12" x 12"  oil on canvas I do not want you thinking that I do everything The Spousal Unit tells me, but... The background of this painting was gray—well, my version of gray anyway—until She Who Must Be Obeyed walked into the studio and gave it one of Her looks. BAM! The artist changed the background from gray to red—well, my version of red anyway. You are probably thinking, "What the heck? Two movie cameras in a row. What gives, Raymond?" All I can say is that due to my somewhat addictive behavior (that I am not seeking any professional help for), the studio now has several—let's keep it vague at several—old movie cameras residing in it. That means more movie camera paintings are coming down the pike. Do not ask me when, I have no idea. They will happen when the muse grabs me by the throat and throttles me until I relent and paint them. Yes, my internal muse can be a bit violent.

Month of May Happenings
I have two shows and high hopes that The Spawn will remember Mother's Day! (I am not holding my breath on that last one.)
Beyond the Lines Gallery - Bergamot Station
The title for this show is In the Midst of Colour. It will be a two person show, what the art world now calls a tandem solo show, with Jan Lord and me. Beyond the Lines Gallery is located in the amazing Bergamot Station gallery complex. Show: May 13th to 21st. Opening reception Saturday, May 13th from 6-9 pm. More info to come.
The Beverly Hills Art Show
The big news about this upcoming show is that I will be located in a different space. I will be in the same park—the 100s—but I will be in the middle of the park rather than near the southeast corner. Space #130 will be my new home. So, if you are a regular, remember to look for me in the middle of the first park between Rodeo and Beverly Boulevards. Show: Saturday & Sunday, May 20th & 21st / 10am to 6pm both days. More info to come.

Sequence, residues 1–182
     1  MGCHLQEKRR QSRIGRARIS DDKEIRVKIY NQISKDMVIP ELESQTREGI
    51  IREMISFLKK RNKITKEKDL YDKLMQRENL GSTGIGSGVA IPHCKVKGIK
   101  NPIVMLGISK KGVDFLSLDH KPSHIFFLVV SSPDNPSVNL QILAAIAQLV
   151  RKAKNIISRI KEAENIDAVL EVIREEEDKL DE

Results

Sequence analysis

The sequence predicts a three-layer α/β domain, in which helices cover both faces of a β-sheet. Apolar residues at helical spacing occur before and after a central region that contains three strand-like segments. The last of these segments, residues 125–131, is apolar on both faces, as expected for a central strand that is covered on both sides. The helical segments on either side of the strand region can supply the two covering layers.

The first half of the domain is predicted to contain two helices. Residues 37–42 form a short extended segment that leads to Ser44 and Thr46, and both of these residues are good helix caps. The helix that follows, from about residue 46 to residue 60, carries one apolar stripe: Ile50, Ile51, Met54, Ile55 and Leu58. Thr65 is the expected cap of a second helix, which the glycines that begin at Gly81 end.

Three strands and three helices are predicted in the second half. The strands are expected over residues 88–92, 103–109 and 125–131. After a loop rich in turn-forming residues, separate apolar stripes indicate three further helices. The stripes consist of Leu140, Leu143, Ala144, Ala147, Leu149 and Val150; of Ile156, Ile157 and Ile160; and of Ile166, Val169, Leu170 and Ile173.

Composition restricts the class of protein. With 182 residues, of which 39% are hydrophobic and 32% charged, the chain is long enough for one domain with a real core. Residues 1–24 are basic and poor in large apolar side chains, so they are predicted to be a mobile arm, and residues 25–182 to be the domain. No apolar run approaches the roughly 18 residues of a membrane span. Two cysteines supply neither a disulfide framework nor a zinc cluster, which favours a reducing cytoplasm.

Posted May 4, 2017

Mansfield Holiday II Movie Camera

30" x 30"  oil on canvas The difference between how I look at my work and how other people view my work is sometimes... amusing to me. More than once, somebody has expressed interest in eating one of my paintings and the piece you see above was—at least a couple of times—identified as a toaster. It is a rather old movie camera, so anybody would be excused not knowing what it is, but when somebody wants to fight with me to prove that it is, in all actuality, a toaster? Well, it leaves me puzzled and wondering if I should have painted a couple of pieces of toast popping out of the top (a nice sharp rye, I love rye bread). When I view the painting above, I see a battlefield. To be more specific, I see the side of that dang camera (go ahead, call it a toaster) as a battlefield. If you think my only obsession is color, you haven't seen me obsess about how light travels across my work and my Herculean struggles with tonality and how my color work only makes it harder to achieve. I completely repainted the side of this camera no less than five times. And I mean completely. Every inch, just to minutely adjust the light traveling across it. So, when somebody comes up and says they want to, "...just take a bite out of it!" or that it is a really, really cool looking vintage toaster, all that is going through my addled gray cells is the memory of the gooey battles that took place over and over again across the side of that camera. That is until they lean forward with their mouth open. That usually gets my attention.